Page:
What Is Down May Not Go Up


Fed Chair Powell: Rampant inflation is “not a problem.” In his testimony before the Senate Banking Committee yesterday, Federal Reserve Chairman Jerome Powell said while prices may rise when the pandemic subsides, the increase won’t be enough to reverse past decades of downward pressure on inflation. And he was unconcerned about the inflationary effects of another large relief bill. “We don’t really see how a burst of fiscal support or spending that doesn’t last for many years would actually change those inflation dynamics.”

Rettig: Tax Day will remain April 15. In congressional testimony yesterday, IRS Commissioner Charles Rettig said the agency is sticking with the traditional tax filing deadline despite pressure from tax preparers to delay the date. He also said the agency would need about $400 million in special funding to administer a monthly Child Tax Credit payment. The House pandemic relief bill happens to include that amount.     

Romney and Cotton propose smaller increase to minimum wage. GOP senators Mitt Romney and Tom Cotton unveiled a proposal to raise the current $7.25 hourly minimum wage to $10 over four years while making it harder for firms to hire undocumented workers. Democratic leaders continue to push for an increase to $15 by 2025—but some Senate Democratic centrists are not fully sold on the idea. West Virginia’s Joe Manchin favors $11. President Biden suggests the size and pace of the increase is negotiable.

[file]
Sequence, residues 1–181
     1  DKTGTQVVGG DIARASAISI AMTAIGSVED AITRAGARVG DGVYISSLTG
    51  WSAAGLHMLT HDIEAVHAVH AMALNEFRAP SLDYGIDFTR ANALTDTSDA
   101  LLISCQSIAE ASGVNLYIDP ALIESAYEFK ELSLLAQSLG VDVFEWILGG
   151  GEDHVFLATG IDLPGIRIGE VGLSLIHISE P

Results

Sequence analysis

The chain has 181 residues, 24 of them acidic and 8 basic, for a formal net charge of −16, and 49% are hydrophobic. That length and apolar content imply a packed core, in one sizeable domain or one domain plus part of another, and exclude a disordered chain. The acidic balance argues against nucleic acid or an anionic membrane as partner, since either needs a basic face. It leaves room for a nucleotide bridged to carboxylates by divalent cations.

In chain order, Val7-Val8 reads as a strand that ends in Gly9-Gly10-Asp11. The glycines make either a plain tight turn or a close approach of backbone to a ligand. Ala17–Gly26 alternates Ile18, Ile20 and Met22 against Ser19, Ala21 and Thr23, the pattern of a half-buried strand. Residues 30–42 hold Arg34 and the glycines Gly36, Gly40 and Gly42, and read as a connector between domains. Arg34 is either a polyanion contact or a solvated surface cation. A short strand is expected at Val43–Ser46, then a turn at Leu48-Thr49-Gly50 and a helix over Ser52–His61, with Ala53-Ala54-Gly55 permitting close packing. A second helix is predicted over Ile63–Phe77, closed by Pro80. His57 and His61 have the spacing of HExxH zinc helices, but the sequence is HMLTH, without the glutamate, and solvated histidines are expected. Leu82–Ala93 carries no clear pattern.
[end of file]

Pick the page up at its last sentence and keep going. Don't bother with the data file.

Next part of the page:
State and local governments still need federal aid. TPC’s Lucy Dadayan and Kim Rueben argue that while some states have enjoyed better than expected revenues through the pandemic, many others have not. Local governments have suffered even more. Key factors including state revenues, overall economic growth, public sector employment, and  unemployment rates could fine-tune federal assistance and better target aid. They conclude that without state and local federal aid, the nation’s economy will suffer.

California enacts a $7.6 billion coronavirus relief package. Residents who earn $30,000 a year or less will receive $600 stimulus checks within four to five weeks of filing their state tax returns with direct deposit. The package also includes over $2 billion in grants for small businesses, $30 million for food banks, and $5 million for diaper banks. The legislation also cancels $25 million in restaurant and hair salon fees.  

Will there be a soda tax in Washington State? The state senate has modeled legislation after Seattle’s soda tax. The bill would tax beverage distributors 1.75 cents for every ounce of sweetened drinks with more than 20 calories in a 12-ounce serving. The price of a 12-ounce can of regular soda would climb 21 cents. Revenue would fund public health programs and a health equity account for communities of color. 

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